Racial disparity in Oregon unemployment

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Wednesday, January 16, 2013

New data from the Oregon Employment Department indicates a major racial disparity in the state's unemployment rates.

During 2012, the average unemployment rate for whites in Oregon was 8.7 percent. For Latinos, it was 11.4 percent. And for African Americans, it was 18.4 percent. That's close to a ten-percentage gap between Oregon's white and black job-seekers.

Michael Alexander of the Urban League of Portland says he's concerned about making sure the economic recovery is equitable. "Is there anybody within the greater Portland community or even the overall state, who would look at the disparity in those numbers, during a period when we're going through some recovery, and be comfortable with it?"

Read more at OPB.

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Old power works like a currency. It is held by few. Once gained, it is jealously guarded, and the powerful have a substantial store of it to spend. It is closed, inaccessible, and leader-driven. It downloads, and it captures.

New power operates differently, like a current. It is made by many. It is open, participatory, and peer-driven. It uploads, and it distributes. Like water or electricity, it’s most forceful when it surges. The goal with new power is not to hoard it but to channel it.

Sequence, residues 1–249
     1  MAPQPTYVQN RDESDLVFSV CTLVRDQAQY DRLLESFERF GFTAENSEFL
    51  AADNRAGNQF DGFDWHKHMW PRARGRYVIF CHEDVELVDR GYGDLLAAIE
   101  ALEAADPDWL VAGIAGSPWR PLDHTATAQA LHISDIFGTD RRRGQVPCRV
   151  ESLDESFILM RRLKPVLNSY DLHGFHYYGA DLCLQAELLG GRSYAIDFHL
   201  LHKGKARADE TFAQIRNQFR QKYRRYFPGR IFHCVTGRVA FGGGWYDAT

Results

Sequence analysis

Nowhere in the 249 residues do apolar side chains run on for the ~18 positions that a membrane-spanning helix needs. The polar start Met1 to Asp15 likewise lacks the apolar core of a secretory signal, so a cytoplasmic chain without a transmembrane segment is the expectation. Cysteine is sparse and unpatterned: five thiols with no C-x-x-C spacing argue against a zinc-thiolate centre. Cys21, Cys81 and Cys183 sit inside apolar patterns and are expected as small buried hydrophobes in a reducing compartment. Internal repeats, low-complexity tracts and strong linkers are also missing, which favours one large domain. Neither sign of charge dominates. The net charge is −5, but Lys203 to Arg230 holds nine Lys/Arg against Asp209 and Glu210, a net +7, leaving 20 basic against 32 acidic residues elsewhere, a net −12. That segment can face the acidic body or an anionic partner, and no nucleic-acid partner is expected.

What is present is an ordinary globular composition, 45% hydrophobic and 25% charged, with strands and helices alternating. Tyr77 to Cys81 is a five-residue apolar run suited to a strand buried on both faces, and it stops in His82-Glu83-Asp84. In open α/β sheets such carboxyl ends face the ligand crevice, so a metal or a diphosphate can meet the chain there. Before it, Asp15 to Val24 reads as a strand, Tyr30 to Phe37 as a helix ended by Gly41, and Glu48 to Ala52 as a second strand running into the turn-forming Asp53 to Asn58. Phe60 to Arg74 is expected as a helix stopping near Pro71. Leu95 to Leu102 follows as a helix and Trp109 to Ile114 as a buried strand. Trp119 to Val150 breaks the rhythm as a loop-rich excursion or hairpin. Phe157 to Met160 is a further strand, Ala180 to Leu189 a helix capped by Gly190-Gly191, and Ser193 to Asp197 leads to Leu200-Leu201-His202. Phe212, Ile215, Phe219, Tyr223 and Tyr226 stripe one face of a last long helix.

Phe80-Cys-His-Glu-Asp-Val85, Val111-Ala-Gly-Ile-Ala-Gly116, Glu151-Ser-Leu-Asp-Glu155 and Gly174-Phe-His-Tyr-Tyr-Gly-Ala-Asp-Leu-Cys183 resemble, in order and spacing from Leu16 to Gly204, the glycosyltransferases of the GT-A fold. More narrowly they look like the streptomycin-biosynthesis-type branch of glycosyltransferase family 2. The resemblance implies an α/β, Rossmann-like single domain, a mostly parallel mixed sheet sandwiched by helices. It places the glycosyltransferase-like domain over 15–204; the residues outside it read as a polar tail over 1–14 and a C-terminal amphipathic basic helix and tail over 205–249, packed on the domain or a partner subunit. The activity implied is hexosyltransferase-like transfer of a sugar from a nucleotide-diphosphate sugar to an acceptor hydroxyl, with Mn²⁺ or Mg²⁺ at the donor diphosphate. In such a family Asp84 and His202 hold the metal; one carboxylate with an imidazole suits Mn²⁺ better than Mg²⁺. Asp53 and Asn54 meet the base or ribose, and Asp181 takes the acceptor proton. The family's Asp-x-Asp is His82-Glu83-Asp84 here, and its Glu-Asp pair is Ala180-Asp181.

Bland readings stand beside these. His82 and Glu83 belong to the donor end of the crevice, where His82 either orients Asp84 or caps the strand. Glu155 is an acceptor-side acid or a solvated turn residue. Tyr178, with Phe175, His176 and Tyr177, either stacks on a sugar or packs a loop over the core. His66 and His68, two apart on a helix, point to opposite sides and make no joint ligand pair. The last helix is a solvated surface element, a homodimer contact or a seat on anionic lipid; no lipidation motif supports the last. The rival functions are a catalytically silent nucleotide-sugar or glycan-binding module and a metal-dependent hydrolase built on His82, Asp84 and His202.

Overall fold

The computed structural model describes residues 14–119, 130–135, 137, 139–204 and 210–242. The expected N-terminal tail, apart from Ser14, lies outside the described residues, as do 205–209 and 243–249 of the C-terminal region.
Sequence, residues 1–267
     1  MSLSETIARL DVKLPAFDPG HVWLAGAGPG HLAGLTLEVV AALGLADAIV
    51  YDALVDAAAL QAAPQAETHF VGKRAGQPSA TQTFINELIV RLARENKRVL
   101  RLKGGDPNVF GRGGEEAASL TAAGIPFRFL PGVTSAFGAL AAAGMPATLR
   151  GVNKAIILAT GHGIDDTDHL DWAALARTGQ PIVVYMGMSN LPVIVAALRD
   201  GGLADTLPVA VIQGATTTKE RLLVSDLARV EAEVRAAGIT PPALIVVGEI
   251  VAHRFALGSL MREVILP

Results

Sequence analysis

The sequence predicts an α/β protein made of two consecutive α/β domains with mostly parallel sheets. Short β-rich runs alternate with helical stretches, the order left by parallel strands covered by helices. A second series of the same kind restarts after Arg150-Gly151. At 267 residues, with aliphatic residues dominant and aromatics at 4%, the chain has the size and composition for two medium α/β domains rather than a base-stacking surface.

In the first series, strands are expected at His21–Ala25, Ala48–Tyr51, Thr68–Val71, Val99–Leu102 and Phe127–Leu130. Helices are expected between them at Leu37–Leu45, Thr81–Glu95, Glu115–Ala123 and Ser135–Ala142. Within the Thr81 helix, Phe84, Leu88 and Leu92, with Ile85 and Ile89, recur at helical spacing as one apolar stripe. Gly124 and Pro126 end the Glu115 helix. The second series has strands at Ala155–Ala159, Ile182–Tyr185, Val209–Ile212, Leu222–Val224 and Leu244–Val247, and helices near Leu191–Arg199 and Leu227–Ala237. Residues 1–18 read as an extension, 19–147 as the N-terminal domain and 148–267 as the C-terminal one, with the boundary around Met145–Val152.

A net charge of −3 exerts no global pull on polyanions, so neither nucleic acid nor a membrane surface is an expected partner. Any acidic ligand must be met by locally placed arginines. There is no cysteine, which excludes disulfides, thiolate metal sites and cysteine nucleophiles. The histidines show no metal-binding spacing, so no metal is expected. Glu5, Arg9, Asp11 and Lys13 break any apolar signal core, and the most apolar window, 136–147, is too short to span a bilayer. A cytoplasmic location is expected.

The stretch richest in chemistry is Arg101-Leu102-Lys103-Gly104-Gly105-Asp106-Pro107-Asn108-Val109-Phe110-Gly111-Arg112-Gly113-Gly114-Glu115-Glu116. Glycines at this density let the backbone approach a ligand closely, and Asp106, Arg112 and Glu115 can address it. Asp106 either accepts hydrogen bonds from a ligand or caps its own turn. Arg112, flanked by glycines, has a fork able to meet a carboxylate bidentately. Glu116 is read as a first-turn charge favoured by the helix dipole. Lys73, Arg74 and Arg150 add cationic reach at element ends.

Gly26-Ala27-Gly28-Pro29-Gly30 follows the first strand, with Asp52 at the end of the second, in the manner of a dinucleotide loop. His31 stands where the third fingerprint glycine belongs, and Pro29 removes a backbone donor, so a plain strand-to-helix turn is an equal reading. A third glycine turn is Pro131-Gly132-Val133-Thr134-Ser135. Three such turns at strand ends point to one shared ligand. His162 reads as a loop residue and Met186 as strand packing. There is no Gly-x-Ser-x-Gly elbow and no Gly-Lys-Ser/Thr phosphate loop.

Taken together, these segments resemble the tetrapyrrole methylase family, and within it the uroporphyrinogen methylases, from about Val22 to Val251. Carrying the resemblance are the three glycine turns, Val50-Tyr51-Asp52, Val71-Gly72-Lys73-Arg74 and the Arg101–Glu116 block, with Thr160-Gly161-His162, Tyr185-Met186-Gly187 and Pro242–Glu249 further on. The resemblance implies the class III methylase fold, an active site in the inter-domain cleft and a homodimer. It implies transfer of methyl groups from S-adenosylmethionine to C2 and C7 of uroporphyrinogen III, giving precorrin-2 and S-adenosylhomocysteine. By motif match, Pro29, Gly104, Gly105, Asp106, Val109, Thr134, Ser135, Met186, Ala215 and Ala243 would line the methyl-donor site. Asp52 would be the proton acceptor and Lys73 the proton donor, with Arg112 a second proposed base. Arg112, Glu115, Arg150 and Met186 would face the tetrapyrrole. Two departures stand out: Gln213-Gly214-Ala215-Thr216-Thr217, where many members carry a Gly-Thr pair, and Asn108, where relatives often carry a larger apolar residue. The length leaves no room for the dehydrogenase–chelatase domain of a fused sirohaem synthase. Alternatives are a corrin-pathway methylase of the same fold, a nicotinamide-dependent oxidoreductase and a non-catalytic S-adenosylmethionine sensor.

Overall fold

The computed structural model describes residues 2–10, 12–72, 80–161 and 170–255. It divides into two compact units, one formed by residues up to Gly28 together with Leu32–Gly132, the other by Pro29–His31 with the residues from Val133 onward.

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Part of the 2010 Dodd-Frank financial reform law, the rule will compel public companies to be more open about employee compensation, with the assumption that greater transparency will improve corporate performance and, perhaps, help address one of the major challenges of our time: income inequality.

New power is not only about strategy and tactics, the Harvard Business Review authors say. “The ultimate questions are ethical. The big question is whether new power can genuinely serve the common good and confront society’s most intractable problems.”

That sounds like a call to arms. Or a New Year’s resolution. Old power or new, the goals are the same: to be a force for positive change in the world. Happy 2015!

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